Please Don’t Pathologize Asperger’s Syndrome
Did Adam Lanza have Asperger’s Syndrome?
No sooner were the terrible killings at Sandy Hook Elementary School reported than media outlets were abuzz with the question: what caused the shooter to do the unspeakable?
The terms “developmental disability” and “personality disorder” were mentioned; former classmates used words like “unusual” and “disturbed” to describe Lanza; mention of his intelligence and membership in a technology club noted, as well as his mother saying that her son was difficult. None of these small details add up to a diagnosis of anything, but a stunned public mourning slain first-graders and teachers who used their bodies to shield their young charges, grasps for an answer. Naming a possible cause, even wrongly, to explain the unexplainable has seemed to offer a shred of solace.
But singling out Asperger’s is simply wrong, as many — autistic individuals, experts on autism and parents– have been pointing out. “Ultimately, it won’t matter what “disorder” Adam Lanza had, since ‘having something’ can’t be shown to be the reason he committed one of the worst crimes in our nation’s history,” writes a Paula Durbin-Westby, a parent who is herself on the spectrum. Emily Willingham, whose 11-year-old son has Asperger’s, emphasizes:
Planned, social violence is not a feature of autism. Indeed, autistic people are far more likely to have violence done against them than to do violence to others… But if he turns out to have been someone on the spectrum, I’d like to remind everyone that autism is not an explanatory factor in his actions.
In New York magazine,, Adam Martin points out that “diagnoses of Asperger’s are now everywhere.” Psychologist Elizabeth Laugeson, an assistant clinical professor at the University of California, Los Angeles, states that “there really is no clear association between Asperger’s and violent behavior.”
National Journal Rob Fournier‘s 15-year-old son, Tyler, who has Asperger’s, summed up the matter:
“If you meet somebody with Asperger’s,” [Tyler] said, “you’ve only met one person with Asperger’s.”
Tyler’s point is worth us all noting: Don’t overgeneralize. Don’t stigmatize in a rush to explain inexplicable evil. Autism didn’t cause this tragedy: Asperger’s is a blip on the far-reaching autism spectrum and no two cases are the same.
A Post Called “I am Adam Lanza’s Mother”
In the midst of these efforts to set public discourse about Asperger’s and autism straight, Liza Long, wrote I am Adam Lanza’s Mother, in which she described not simply her struggles raising her 13-year-old son “Michael” (not his real name), but her fears. In particular, she wrote about his threats to kill her, stashing sharp objects in a Tupperware and how her two younger sons are trained to run for the car at such times. The backlash against Long has been huge, as by Ruth Davis Konisberg says in Time magazine:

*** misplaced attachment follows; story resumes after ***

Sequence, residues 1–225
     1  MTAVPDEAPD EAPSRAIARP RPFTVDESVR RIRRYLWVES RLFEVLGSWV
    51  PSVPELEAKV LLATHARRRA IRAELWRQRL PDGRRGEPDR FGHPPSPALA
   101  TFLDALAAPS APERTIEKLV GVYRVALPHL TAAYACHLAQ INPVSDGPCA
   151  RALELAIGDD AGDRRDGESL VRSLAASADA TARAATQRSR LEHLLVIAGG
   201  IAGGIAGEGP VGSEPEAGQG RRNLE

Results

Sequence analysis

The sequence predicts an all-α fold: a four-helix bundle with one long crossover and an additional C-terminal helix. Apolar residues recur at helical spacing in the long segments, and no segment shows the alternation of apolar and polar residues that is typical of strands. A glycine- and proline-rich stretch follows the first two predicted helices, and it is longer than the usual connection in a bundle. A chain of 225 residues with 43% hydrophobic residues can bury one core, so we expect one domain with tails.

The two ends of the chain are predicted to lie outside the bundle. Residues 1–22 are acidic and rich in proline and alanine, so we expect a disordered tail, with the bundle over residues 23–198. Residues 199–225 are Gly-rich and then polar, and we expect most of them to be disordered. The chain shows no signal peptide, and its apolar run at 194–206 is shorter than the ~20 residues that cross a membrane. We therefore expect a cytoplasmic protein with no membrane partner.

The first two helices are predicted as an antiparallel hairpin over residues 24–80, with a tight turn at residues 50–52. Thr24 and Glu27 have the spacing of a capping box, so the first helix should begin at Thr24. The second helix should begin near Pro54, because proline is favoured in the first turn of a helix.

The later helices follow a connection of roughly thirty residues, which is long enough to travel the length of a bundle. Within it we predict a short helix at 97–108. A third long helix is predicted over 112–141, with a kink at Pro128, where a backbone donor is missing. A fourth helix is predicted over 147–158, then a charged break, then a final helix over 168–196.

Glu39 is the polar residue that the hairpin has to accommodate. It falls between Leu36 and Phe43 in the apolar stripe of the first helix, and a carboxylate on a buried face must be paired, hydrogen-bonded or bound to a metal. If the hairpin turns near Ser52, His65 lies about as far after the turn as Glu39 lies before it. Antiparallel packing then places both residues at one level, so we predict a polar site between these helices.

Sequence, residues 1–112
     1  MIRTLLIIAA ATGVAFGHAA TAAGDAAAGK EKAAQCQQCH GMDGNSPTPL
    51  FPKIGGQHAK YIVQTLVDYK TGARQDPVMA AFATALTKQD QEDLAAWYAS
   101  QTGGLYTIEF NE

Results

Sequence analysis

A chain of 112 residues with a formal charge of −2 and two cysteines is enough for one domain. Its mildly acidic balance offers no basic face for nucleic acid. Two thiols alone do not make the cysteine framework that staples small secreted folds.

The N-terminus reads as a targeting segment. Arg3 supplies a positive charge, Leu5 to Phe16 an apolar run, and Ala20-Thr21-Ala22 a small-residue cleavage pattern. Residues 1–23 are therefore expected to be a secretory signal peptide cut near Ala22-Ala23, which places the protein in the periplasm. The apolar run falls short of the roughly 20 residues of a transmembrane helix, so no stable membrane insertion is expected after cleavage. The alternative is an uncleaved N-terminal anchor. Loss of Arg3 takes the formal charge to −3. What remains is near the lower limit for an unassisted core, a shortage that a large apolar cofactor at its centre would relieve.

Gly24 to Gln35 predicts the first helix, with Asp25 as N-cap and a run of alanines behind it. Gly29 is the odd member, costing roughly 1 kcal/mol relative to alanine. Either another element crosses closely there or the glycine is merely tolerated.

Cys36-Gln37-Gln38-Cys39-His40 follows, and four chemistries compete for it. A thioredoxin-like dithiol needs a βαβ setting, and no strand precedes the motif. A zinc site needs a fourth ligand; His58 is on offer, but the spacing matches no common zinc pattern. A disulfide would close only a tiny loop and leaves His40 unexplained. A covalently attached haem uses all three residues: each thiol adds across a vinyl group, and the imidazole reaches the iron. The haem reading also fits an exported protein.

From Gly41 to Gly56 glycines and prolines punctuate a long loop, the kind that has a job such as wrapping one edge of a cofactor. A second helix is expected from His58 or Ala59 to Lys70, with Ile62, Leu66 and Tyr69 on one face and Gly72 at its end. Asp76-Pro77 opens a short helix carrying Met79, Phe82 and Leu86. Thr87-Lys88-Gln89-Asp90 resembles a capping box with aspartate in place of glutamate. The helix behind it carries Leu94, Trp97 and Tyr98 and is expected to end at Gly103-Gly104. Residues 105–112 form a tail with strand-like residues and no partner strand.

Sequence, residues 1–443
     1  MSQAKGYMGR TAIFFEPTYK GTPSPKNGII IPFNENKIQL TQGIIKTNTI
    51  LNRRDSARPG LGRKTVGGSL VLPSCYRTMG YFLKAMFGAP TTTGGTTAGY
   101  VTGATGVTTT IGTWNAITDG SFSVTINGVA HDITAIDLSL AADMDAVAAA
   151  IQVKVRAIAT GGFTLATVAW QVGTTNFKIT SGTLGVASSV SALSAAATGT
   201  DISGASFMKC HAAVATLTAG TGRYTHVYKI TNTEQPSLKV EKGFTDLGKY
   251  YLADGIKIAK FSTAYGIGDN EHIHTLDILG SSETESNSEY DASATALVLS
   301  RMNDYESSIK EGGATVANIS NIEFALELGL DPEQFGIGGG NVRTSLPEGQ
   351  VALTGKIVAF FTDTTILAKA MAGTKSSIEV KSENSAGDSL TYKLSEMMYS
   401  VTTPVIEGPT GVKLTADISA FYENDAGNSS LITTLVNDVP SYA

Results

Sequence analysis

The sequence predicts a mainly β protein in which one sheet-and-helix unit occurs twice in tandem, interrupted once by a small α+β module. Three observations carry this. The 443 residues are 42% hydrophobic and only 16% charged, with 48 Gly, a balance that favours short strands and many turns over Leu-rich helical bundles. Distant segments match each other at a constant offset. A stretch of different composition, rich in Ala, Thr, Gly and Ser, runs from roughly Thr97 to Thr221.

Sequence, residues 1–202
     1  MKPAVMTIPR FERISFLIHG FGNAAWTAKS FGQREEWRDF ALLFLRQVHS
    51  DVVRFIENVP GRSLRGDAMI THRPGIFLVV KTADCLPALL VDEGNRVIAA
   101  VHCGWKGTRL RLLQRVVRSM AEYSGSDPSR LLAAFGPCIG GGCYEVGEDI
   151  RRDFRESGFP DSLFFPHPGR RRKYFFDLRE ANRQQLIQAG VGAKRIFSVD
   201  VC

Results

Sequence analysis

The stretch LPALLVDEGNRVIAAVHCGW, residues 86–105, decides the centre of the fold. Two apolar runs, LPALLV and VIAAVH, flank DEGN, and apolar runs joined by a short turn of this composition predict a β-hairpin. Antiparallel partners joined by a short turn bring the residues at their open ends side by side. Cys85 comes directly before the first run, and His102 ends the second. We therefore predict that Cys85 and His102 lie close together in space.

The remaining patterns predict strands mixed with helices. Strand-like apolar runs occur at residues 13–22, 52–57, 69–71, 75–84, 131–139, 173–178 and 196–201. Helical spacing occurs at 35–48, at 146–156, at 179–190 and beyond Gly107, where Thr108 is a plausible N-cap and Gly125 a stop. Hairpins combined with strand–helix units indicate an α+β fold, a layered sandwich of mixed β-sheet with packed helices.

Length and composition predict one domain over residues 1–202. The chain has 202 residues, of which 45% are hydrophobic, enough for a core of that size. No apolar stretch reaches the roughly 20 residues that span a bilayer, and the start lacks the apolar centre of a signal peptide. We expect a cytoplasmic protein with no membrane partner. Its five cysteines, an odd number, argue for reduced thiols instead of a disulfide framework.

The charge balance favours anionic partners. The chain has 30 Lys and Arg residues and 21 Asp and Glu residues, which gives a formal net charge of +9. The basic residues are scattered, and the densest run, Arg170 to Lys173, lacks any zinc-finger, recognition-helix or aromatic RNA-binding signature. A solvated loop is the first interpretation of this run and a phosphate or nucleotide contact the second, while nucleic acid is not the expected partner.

Long’s post went viral, but soon one observer, Sarah Kendzior, took the time to read Long’s entire blog and found some not entirely sympathetic statements from the beleaguered mom, like “I quit! Let the state take care of you and your compulsive inability to stop poking people.” Kendzior also noted that Long and her husband had been involved in a messy divorce, which, while not entirely germane to the question of how to handle a mentally ill child, did not exactly put Long in a favorable light.
As Konisberg observes, the online scrutiny of Long as the mother of a mentally ill child who also may have a psychiatric condition, recalls a previous generation’s blaming emotionally withdrawn “refrigerator mothers” for causing their children to become autism or schizophrenia.
Perhaps in recognition of this, Long and Kendzior have already issued a joint statement about not wanting to start a “mommy war” (the mentally ill mothers with mentally ill children version), but to start a “serious conversation on what can be done for families in need. Let’s work together and make our country better.” As another mother of a child — a teenage male — on the autism spectrum, I am all for this, though I feel everyone is too raw about Sandy Hook School to embark on such a journey.
I can say, I was not surprised that Asperger’s was mentioned so immediately in reference to Adam Lanza. The past few years have seen too many mass killings with guns by 20-something young males. Asperger’s has been mentioned in regard to some — Seung-Hui Cho, James Holmes: Very unfortunately, Asperger’s and autism have become associated with unthinkable, violent behaviors. British psychology professor Simon Baron-Cohen — author of books about autism and the “synthesizing male brain” vs. the “empathetic female brain” — indeed stoked controversy when he wrote about autism and “the science of evil,” which he defined as a lack of empathy, in his most recent book.
Whether or not Adam Lanza had Asperger’s, schizophrenia or another diagnosis is immaterial. He committed an atrocious act and we are a society in mourning. Faced with the daunting task of preventing more tragedies, we need to move away from worrying about labels and ask, how can we best support those who are in so much need and have no idea how to ask for help?
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